The French government plans on saving tens of millions of euros by dropping the mass-mailings that are traditionally sent to voters ahead of elections, a measure which is creating unease because it targets only the European elections.
The new plan by the budget and interior ministries has been criticised for showing a lack of respect for European matters, seven months ahead of the EU elections, in May 2014.
Smaller political parties have reacted strongly against the move, as they already enjoy much less media visibility and need the mass-mailing campaign for publicity and even to remind voters of their existence.
“We understand the reasoning, especially as several European countries have already cut the use of paper, but symbolically it’s not the right time,” conceded a governmental source, saying the measure should be applied to all elections, not just the European one.
In France, two weeks before each election, registered voters receive a mail containing a series leaflet presenting the candidates’ manifestos and the ballots that they will find at the polling stations. The objective is to introduce the candidates to the voters and give each party an equal chance at the election, no matter how small they are.
But in practice, the mail often ends up in the trash, argues the Interior Ministry, which wants to save money and replace the mass panflets sending with electronic mail.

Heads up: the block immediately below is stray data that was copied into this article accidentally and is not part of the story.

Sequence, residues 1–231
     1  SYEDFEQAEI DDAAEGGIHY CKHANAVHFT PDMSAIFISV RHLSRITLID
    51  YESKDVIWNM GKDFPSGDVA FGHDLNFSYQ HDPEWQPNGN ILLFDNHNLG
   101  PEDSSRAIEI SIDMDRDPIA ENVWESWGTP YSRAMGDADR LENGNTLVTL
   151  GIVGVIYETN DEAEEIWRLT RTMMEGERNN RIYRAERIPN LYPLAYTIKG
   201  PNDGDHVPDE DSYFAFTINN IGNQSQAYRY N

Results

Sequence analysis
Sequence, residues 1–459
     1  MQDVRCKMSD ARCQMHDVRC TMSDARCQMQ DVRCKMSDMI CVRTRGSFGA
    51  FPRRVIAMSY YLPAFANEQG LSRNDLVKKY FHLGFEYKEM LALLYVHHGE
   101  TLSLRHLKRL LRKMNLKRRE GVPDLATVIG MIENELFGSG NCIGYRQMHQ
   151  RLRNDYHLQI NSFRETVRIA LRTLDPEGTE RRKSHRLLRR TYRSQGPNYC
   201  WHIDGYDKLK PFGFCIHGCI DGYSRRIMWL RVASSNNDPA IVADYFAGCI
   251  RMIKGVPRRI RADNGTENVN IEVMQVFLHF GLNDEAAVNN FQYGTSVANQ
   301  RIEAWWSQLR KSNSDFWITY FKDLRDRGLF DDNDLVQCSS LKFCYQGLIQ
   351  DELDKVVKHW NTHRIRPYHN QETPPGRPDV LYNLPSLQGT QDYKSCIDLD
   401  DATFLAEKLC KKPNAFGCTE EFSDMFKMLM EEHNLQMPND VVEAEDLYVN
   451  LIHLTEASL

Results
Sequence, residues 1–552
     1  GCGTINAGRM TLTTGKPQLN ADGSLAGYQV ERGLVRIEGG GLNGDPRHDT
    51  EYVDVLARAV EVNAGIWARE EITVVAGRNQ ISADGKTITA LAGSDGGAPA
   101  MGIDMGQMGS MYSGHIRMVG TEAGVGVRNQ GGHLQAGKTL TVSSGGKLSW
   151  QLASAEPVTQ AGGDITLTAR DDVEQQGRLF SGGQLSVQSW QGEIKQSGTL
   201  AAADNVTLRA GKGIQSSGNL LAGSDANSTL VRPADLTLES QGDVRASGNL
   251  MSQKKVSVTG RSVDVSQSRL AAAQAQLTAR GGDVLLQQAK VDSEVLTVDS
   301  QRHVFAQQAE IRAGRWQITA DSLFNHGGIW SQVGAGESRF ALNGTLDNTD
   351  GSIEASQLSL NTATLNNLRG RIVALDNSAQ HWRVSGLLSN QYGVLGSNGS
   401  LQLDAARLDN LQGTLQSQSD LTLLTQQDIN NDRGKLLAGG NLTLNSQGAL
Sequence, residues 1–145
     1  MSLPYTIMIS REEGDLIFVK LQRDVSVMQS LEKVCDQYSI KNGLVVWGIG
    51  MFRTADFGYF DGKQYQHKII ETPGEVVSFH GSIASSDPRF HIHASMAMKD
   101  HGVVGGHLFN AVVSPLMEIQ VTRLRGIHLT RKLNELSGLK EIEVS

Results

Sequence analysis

However, the measure is creating unease as it would only affect the European elections, which are already widely disregarded by voters, and not the “sacrosanct” local elections that are taking place six weeks before.
In 2009, the participation rate at the European election stood at 40%, a 10% drop compared to the previous election in 2004. As a result, some argue that European elections might be completely forgotten in France. Manuel Valls, the interior minister, did not see a problem as his ambitions appear to be more national than European.
According to sources, the projected savings would not be minimal. When all costs are added up – postage, paper, envelopes – tens of millions of euros could be saved.
But the measure could also pose constitutional problems given that the internet’s penetration rate in France is only 83%, which would violate a founding principle of the Republic – equality.